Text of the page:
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A 40-Year-Old Ad For Temps That's As Sexist As It Is Wildly Revealing About Today

This ad was put out by Kelly Services, a temporary staffing agency, in 1971.

A 40-Year-Old Ad For Temps That's As Sexist As It Is Wildly Revealing About Today
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ProPublica

Let's, for a moment, bypass the creepy, "Mad Men"-esque vibes here and focus on some of the words. The basic proposition here is that temp workers are better than full-time staffers because a) they're cheaper and b) they're completely expendable.


This is a message that hasn't been lost on corporate America, which has been hiring temp workers at record rates since the 2007-2009 recession. And this 40-year-old premise hasn't changed either — it's way easier to exploit someone when they've got no leverage.

Clarification: A (surprising) number of you in the comments section seem to have worked for Kelly Staffing Services and had positive experiences. My intention isn't to comment on the company at all — just this ad and the premise behind it, which still applies to how many companies think about and treat temporary workers.

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When a pet is admitted to a shelter it can be a traumatizing experience. Many are afraid of their new surroundings and are far from comfortable showing off their unique personalities. The problem is that's when many of them have their photos taken to appear in online searches.

Chewy, the pet retailer who has dedicated themselves to supporting shelters and rescues throughout the country, recognized the important work of a couple in Tampa, FL who have been taking professional photos of shelter pets to help get them adopted.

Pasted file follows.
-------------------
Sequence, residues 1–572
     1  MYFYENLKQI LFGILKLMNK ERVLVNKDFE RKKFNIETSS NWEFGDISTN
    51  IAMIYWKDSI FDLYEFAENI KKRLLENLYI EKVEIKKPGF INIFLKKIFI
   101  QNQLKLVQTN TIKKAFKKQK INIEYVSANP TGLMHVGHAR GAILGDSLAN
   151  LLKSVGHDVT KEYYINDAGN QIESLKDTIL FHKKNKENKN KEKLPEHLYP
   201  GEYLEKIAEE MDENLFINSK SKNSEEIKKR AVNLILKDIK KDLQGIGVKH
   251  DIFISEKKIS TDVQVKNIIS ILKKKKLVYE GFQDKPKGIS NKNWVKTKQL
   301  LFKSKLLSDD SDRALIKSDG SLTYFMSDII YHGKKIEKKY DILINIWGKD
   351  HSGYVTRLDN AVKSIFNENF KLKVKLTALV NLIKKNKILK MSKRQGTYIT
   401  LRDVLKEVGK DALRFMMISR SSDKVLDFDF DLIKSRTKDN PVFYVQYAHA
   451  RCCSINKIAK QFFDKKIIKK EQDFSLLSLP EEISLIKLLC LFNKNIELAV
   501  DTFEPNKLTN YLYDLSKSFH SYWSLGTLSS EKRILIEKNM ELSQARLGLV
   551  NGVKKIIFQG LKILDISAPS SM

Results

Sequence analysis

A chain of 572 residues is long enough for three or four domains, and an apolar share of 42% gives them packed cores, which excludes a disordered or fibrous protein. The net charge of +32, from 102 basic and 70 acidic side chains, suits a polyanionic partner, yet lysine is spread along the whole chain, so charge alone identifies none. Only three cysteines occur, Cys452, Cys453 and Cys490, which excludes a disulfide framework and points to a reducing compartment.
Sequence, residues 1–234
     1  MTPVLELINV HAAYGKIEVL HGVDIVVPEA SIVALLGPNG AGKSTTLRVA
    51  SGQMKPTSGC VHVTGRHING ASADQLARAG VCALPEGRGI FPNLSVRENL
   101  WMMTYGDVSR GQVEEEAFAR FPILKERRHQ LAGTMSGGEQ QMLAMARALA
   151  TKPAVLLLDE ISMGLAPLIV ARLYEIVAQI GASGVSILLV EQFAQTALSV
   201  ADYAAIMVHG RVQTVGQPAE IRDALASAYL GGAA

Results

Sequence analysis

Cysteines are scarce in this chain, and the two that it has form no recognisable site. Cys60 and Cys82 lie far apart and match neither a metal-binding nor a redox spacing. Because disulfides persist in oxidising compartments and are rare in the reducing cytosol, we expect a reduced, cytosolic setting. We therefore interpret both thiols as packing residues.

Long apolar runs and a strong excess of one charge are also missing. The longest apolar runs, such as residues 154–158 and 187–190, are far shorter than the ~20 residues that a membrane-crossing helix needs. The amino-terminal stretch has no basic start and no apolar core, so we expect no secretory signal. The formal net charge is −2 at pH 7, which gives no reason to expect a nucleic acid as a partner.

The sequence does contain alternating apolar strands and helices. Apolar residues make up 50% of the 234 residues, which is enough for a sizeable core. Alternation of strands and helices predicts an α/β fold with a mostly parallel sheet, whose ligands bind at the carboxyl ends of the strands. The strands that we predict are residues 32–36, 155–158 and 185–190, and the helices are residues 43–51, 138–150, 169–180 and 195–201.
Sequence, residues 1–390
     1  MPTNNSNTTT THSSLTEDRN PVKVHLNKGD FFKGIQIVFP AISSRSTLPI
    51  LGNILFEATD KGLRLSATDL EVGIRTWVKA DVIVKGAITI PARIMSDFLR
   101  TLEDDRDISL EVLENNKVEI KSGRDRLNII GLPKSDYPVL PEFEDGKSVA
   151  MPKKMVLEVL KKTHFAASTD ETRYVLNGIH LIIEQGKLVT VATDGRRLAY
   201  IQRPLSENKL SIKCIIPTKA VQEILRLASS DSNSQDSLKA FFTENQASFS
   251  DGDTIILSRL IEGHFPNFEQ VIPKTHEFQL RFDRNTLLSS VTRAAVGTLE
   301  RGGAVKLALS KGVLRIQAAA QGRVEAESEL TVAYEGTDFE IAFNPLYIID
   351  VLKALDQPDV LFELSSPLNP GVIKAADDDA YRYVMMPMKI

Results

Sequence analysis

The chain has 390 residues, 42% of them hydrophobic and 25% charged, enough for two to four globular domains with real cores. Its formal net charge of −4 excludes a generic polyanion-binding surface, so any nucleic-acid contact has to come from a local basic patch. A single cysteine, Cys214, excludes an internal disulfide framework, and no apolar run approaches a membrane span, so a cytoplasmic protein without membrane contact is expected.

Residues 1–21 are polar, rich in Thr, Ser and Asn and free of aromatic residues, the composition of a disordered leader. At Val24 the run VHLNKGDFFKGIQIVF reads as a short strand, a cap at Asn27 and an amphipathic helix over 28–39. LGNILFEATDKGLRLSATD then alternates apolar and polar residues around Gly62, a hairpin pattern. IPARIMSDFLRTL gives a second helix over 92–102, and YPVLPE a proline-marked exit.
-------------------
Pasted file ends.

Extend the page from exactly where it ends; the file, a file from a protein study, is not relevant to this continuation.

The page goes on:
"If it's a photo of a scared animal, most people, subconsciously or even consciously, are going to skip over it," pet photographer Adam Goldberg says. "They can't visualize that dog in their home."

Adam realized the importance of quality shelter photos while working as a social media specialist for the Humane Society of Broward County in Fort Lauderdale, Florida.

"The photos were taken top-down so you couldn't see the size of the pet, and the flash would create these red eyes," he recalls. "Sometimes [volunteers] would shoot the photos through the chain-link fences."

That's why Adam and his wife, Mary, have spent much of their free time over the past five years photographing over 1,200 shelter animals to show off their unique personalities to potential adoptive families. The Goldbergs' wonderful work was recently profiled by Chewy in the video above entitled, "A Day in the Life of a Shelter Pet Photographer."

A young boy tried to grab the Pope's skull cap

A boy of about 10-years-old with a mental disability stole the show at Pope Francis' weekly general audience on Wednesday at the Vatican auditorium. In front of an audience of thousands the boy walked past security and onto the stage while priests delivered prayers and introductory speeches.

The boy, later identified as Paolo, Jr., greeted the pope by shaking his hand and when it was clear that he had no intention of leaving, the pontiff asked Monsignor Leonardo Sapienza, the head of protocol, to let the boy borrow his chair.

The boy's activity on the stage was clearly a breach of Vatican protocol but Pope Francis didn't seem to be bothered one bit. He looked at the child with a sense of joy and wasn't even disturbed when he repeatedly motioned that he wanted to remove his skull cap.

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